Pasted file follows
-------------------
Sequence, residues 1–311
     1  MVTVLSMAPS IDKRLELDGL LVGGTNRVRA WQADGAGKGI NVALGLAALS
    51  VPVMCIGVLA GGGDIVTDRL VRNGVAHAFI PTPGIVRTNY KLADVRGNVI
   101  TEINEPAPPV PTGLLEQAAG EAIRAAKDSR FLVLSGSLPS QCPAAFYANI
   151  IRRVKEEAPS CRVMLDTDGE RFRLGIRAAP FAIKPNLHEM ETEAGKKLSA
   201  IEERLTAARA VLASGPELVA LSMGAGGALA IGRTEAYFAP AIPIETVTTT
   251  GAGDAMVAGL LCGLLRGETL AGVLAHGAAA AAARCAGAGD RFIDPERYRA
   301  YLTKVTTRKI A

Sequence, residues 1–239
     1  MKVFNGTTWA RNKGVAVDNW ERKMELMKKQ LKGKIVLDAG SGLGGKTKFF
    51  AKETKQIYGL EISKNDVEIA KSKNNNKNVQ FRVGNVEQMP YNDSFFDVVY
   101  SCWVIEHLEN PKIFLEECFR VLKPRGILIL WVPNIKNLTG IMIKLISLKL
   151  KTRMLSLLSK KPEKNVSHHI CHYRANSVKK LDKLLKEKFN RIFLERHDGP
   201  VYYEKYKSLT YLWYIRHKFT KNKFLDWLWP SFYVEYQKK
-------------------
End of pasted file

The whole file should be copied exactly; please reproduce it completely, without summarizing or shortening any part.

Sequence, residues 1–311
     1  MVTVLSMAPS IDKRLELDGL LVGGTNRVRA WQADGAGKGI NVALGLAALS
    51  VPVMCIGVLA GGGDIVTDRL VRNGVAHAFI PTPGIVRTNY KLADVRGNVI
   101  TEINEPAPPV PTGLLEQAAG EAIRAAKDSR FLVLSGSLPS QCPAAFYANI
   151  IRRVKEEAPS CRVMLDTDGE RFRLGIRAAP FAIKPNLHEM ETEAGKKLSA
   201  IEERLTAARA VLASGPELVA LSMGAGGALA IGRTEAYFAP AIPIETVTTT
   251  GAGDAMVAGL LCGLLRGETL AGVLAHGAAA AAARCAGAGD RFIDPERYRA
   301  YLTKVTTRKI A

Sequence, residues 1–239
     1  MKVFNGTTWA RNKGVAVDNW ERKMELMKKQ LKGKIVLDAG SGLGGKTKFF
    51  AKETKQIYGL EISKNDVEIA KSKNNNKNVQ FRVGNVEQMP YNDSFFDVVY
   101  SCWVIEHLEN PKIFLEECFR VLKPRGILIL WVPNIKNLTG IMIKLISLKL
   151  KTRMLSLLSK KPEKNVSHHI CHYRANSVKK LDKLLKEKFN RIFLERHDGP
   201  VYYEKYKSLT YLWYIRHKFT KNKFLDWLWP SFYVEYQKK